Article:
And maybe it cracks my heart just a little.

Sunday, May 20, 2007

46 (question mark)

Yesterday evening we were driving in the car and had the following conversation:

He said: How many days has it been now?
I said: I'm going to count when we get home, but I think it is day 45 maybe? 47? No, 44? I'm not sure, something like that though.
He said: Hmm, maybe she's just outgrown them.
I said: Don't say that...the JINXING.
He said: I don't believe in jinxing...if it is going to happen, it will happen whether I mention it or not, Kyla.*
I said: You are being cocky...saying things like "Maybe she's outgrown them." I wouldn't do that.
He said: Well, it has been 45 days or so, maybe she HAS outgrown them.
I: *shook my head*

Then we got to my parent's house and the subject was forgotten. Instead, this is what we did.

After much swimming and eating and lounging, it was time to go to Josh's brother's birthday dinner, so we loaded up the kids and hit the road. In the car, KayTar was doing the car version of "Foo-foo" in which the windows are rolled down and the wind hits her in the face. She loves this, absolutely loves it. I was turned so that I could watch her, because she gets very upset if I don't participate in "Foo-foo" and I saw her eyes go funny. (very technical right?) So I told Josh to roll up the windows, but the funniness continued. It wasn't the typical jerk/roll to the left, it was all over motion. They were moving up and down, rolling back and forth, moving side to side. Some rolling, some jerking. It was weird, and KayTar was aware of it happening, because she kept pushing her eyelids down over her eyes and rubbing them. Once we got to the party, we waited in the car out front for a moment to watch her to see if it passed. Josh's family arrived and we explained the situation and we decided to attempt going in. The eye thing lasted from 5-7 minutes, and by the time we got in the house, she was falling asleep rapidly. We were in the house long enough for me to hug a few people, and then we had to leave again to get her home and medicated in case the pain was coming. She slept on the way home, and slept once we got home. She only woke because I gave her the medication, which is a can't sleep through that! But she just laid in her crib for about an hour, before falling right back to sleep. She cried started crying at about 9:30 and when I went to check her the light was bothering her and she wouldn't let me pick her up, and I thought "Oh no, here we go." but Josh gave her a drink and she quieted down and went back to sleep. She is still asleep right now.

All in all, strange episode...but easy and painless for her. The timeline is something like this:

6:15ish-6:20ish Eye movements
6:20ish falls asleep
6:45 wakes for medicine, lays quietly in bed
7:50 falls back asleep
9:30 cries out, falls back asleep
9:30+ sleeps through the night uneventfully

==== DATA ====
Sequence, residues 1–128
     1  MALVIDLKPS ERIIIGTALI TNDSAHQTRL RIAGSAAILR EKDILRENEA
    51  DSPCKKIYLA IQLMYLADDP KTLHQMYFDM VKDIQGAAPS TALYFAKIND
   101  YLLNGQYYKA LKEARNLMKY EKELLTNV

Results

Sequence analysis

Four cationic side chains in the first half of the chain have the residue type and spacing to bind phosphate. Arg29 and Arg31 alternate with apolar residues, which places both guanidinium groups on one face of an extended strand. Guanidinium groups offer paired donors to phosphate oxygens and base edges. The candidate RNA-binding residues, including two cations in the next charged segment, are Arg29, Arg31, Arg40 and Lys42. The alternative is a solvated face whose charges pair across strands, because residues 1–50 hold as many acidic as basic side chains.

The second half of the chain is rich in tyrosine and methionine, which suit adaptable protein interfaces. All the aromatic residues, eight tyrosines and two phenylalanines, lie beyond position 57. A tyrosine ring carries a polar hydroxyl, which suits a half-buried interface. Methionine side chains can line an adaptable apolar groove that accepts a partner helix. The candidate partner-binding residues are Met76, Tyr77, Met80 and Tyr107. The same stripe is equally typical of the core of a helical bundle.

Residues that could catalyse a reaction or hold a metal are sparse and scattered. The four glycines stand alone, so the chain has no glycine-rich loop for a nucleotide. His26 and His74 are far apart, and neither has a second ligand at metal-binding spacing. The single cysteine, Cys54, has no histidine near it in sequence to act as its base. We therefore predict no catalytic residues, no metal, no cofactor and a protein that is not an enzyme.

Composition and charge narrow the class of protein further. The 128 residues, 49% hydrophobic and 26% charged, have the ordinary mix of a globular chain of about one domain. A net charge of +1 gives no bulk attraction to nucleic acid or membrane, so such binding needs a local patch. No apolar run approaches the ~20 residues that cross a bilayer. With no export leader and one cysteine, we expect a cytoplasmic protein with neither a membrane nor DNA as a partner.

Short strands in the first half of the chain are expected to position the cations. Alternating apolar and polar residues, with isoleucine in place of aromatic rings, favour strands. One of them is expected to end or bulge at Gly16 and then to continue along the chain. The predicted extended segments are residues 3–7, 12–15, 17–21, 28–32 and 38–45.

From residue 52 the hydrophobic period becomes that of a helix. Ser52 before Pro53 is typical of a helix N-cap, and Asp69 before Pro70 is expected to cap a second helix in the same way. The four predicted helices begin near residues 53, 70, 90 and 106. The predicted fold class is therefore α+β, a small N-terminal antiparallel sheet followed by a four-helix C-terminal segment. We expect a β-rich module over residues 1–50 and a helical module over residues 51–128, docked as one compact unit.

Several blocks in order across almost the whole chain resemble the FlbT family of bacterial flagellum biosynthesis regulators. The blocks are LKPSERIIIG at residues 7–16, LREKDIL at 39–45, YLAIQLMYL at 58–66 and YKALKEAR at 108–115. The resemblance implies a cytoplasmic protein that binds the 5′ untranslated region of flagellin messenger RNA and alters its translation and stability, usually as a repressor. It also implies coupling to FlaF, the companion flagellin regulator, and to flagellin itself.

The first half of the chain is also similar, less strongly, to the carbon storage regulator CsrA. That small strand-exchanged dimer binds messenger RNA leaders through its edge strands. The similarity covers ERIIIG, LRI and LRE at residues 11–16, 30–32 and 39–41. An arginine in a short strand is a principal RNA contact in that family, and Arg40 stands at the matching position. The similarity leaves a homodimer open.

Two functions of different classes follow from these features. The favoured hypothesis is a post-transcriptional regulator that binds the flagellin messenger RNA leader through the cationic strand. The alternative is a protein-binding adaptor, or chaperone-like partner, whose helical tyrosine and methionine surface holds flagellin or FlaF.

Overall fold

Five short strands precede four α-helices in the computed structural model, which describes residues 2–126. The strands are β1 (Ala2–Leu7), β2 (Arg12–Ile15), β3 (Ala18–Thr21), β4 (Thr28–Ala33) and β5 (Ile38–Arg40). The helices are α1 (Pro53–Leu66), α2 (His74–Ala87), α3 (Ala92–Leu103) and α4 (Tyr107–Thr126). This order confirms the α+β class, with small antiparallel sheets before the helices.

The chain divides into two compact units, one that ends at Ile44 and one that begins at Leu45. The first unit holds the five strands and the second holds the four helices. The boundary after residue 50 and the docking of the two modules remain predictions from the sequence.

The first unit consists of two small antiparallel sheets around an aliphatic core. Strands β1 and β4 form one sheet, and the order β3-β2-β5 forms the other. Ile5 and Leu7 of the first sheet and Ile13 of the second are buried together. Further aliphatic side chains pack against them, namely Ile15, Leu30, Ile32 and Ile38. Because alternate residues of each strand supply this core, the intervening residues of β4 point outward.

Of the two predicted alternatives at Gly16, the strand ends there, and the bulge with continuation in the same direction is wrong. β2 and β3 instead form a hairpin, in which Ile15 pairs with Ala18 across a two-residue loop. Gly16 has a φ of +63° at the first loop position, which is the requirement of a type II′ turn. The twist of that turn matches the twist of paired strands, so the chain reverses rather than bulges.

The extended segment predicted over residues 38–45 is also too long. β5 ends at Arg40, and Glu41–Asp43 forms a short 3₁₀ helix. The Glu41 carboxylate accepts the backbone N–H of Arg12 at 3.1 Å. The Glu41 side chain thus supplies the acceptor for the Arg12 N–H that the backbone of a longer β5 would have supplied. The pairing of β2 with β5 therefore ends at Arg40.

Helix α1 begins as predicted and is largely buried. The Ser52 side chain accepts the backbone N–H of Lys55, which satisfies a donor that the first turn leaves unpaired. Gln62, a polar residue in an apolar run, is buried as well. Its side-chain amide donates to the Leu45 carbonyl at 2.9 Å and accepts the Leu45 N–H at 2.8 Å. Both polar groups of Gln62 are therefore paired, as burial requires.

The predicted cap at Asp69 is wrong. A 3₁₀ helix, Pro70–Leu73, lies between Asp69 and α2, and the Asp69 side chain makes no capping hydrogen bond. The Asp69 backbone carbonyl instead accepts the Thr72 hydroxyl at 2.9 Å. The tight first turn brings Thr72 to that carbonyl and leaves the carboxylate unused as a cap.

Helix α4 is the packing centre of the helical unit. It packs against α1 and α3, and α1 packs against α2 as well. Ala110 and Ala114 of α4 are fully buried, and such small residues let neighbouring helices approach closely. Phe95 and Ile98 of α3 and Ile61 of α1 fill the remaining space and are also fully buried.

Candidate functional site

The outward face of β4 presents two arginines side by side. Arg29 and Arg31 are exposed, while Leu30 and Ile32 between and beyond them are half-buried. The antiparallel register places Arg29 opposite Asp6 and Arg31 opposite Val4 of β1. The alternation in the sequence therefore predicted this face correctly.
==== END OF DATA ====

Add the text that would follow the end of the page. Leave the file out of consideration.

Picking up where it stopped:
I don't know if we should classify it as an episode, because it was so different. None of the major players were present. No pain, vomiting, light sensitivity, or head tilt. It really only lasted between 5-7 minutes. It looked more like a seizure than an episode, but who knows. It was definitely something and I don't know what else to classify it as. Episode really is a broad term, so that is what it will be called for lack of a better description.

Of course, once the episode started I immediately recalled the earlier conversation we had. The Jinxing! It lives!

*Josh firmly maintains his anti-jinxing stance.

Edited: I went back and changed the (period) in the title to a (question mark), it seemed more fitting.

Friday, May 18, 2007


For about a week, KayTar has understood what "I love you." means and whenever we would say it, she would lean in and kiss us. "Muah?" It is adorable. Then on Wednesday, I said/signed it to her, and she did it right back and she said "Woo." And then she kissed me. Ahhhh, I melted! She's doing it all the time now. Even unprompted. I heard her saying "Woo. Woo! WOO! I cry." yesterday and I looked at her and she was signing "I love you." so I told her the same and she said "Muah?" like "Come kiss me now, please." It could not be sweeter.


Speaking of love, tomorrow is our 6 year wedding anniversary. I'm posting this today because we will be out of town tomorrow and I won't have access to the pictures I need for the post.

This is what it looks like when fetuses get married. ;)

The day was awful; beautiful, but awful. I'm not going to go into the whys of it all, because it is family related and I try and keep that off-blog. Everything is fine now, but that day was difficult. What I will say is that every moment since that day has made all the awfulness worth it.

I think when we married so young, people expected it to fail rather quickly. Our families didn't, nor those closest to us, but outsiders looked on with disdain and skepticism. I can't blame them, if I knew a couple of kids who were marrying at the same age we did, I think I'd feel the same way. We've made it for six years, and we are still going strong. Not for one moment have I felt regret for our decision to marry so young. I believe today, just like I did then, that if you find the person you want to spend the rest of your life with, there is no reason not to be with them. There is no one else I would want to share this life with. We've had some surprises, but I wouldn't want anyone else beside me through it all. I wouldn't want to raise these beautiful kids with anyone else. I wouldn't want to sleep next to anyone else, or cuddle on the sofa watching bad TV with anyone else. I wouldn't want to argue with anyone else, or bow chicka bow bow with anyone else. What I'm saying is, I chose Josh that day 6 years ago, and I am still chosing him today, wholeheartedly.